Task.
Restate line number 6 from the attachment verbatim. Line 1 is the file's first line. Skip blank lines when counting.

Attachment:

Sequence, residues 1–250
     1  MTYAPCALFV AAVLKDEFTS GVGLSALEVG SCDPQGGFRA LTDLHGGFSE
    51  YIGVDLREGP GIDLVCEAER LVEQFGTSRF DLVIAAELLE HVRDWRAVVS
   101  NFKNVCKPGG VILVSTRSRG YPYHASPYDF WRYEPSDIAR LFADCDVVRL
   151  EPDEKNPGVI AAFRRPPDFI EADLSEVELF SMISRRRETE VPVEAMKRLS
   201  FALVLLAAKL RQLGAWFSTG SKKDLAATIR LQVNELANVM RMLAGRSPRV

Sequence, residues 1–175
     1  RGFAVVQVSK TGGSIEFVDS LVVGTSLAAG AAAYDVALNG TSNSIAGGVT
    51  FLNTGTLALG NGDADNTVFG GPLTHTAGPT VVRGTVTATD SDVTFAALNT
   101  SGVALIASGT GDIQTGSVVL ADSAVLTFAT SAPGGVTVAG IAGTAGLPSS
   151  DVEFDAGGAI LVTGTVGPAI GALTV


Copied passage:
   201  FALVLLAAKL RQLGAWFSTG SKKDLAATIR LQVNELANVM RMLAGRSPRV